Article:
Traf­fic jam not time to blow your trum­pet


BLOW­ING your horn in traf­fic took on a new mean­ing for one com­muter re­cently seen prac­tis­ing his trum­pet while stuck in a Bris­bane peak-hour jam.

RACQ spokesman Mike Sopinski says it is the most bizarre traf­fic jam sight­ing their mem­bers have wit­nessed and ac­cord­ing to one road safety ex­pert it may not be as dan­ger­ous as it ap­pears. ‘‘Among the more com­mon com­plaints we have heard are driv­ers seen do­ing their hair, make-up, shav­ing/groom­ing, opening and read­ing mail, leaf­ing through the news­pa­per and even eat­ing break­fast,’’ Sopinski says.

‘‘One mo­torist re­ported to have been ob­served eat­ing ce­real from a bowl with a spoon while stopped at traf­fic lights.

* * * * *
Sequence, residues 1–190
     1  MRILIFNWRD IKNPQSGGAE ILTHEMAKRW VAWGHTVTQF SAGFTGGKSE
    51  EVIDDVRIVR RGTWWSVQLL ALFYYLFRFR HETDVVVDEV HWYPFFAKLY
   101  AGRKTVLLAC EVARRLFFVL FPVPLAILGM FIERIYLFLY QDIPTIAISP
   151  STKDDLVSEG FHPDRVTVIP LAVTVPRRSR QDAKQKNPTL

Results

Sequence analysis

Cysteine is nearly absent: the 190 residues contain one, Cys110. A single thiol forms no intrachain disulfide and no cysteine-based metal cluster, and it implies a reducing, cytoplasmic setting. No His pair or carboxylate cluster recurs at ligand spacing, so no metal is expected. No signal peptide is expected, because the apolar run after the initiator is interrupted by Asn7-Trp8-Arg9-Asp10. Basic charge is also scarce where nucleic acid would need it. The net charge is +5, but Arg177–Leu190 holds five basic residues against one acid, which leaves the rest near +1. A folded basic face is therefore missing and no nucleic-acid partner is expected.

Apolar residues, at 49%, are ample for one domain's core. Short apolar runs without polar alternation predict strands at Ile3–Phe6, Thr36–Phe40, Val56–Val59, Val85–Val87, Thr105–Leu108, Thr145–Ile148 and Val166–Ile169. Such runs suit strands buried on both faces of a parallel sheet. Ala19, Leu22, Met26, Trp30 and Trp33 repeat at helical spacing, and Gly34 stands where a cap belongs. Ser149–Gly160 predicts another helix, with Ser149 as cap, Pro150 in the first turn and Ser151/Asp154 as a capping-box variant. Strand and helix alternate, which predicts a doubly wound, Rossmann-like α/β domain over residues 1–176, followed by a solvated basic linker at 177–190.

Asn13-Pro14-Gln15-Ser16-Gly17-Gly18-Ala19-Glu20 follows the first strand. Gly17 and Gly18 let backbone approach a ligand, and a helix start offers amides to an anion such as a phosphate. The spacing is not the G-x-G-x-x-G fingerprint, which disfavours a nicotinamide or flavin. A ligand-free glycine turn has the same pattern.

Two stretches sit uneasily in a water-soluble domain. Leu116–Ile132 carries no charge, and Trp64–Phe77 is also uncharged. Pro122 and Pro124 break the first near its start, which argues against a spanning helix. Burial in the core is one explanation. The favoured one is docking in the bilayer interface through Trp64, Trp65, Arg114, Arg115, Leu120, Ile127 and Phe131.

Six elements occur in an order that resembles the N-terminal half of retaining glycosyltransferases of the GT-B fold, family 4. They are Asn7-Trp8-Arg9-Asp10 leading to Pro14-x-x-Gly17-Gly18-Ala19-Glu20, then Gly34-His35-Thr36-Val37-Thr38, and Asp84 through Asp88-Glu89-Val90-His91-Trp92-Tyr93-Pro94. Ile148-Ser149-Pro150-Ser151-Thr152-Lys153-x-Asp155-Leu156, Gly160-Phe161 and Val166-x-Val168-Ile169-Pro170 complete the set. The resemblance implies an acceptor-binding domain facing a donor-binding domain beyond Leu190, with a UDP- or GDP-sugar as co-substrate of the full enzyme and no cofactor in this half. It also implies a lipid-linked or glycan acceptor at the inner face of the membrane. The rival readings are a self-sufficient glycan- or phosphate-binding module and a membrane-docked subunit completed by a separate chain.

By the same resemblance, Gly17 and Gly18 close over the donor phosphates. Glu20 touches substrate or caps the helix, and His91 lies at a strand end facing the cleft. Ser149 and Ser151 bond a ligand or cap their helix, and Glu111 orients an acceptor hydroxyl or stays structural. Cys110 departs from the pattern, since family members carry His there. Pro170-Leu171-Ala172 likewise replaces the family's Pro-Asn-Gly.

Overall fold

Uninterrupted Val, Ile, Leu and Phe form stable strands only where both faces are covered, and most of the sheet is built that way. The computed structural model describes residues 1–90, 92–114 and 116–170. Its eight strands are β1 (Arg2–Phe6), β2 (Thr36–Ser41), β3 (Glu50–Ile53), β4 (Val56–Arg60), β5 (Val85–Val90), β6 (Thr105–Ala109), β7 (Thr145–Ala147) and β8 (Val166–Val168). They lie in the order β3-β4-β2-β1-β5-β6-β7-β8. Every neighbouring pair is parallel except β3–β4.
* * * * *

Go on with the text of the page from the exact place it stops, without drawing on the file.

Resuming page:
‘‘How­ever, the most bizarre re­port we have heard about is the one con­cern­ing the mo­torist ac­tu­ally seen prac­tis­ing the trum­pet while be­hind the wheel in a traf­fic jam.’’

Cen­tre for Accident Re­search and Road Safety — Queens­land (CARRS-Q) Pro­fes­sor Si­mon Wash­ing­ton says that the in­ci­dence of dis­tracted driv­ing is more com­mon among com­muters than other road users.

‘‘Com­mut­ing is a rou­tine thing and peo­ple get fa­mil­iar and com­fort­able with the route, so they be­come com­pla­cent,’’ Prof Wash­ing­ton says. ‘‘They tend to dis­en­gage a lit­tle more in the com­mute to the point where they are not aware of the real risks.’’

How­ever, Prof Wash­ing­ton says the risks of dis­tracted driv­ing are less se­vere in com­mut­ing traf­fic.

‘‘The good side is that in heavy con­ges­tion the risk of se­vere in­jury is less be­cause it’s slower traf­fic,’’ he said.

‘‘But the down­side is if you have a crash in a com­mute there is a huge eco­nomic cost of de­lay­ing other com­muters be­cause of your dis­trac­tion.’’

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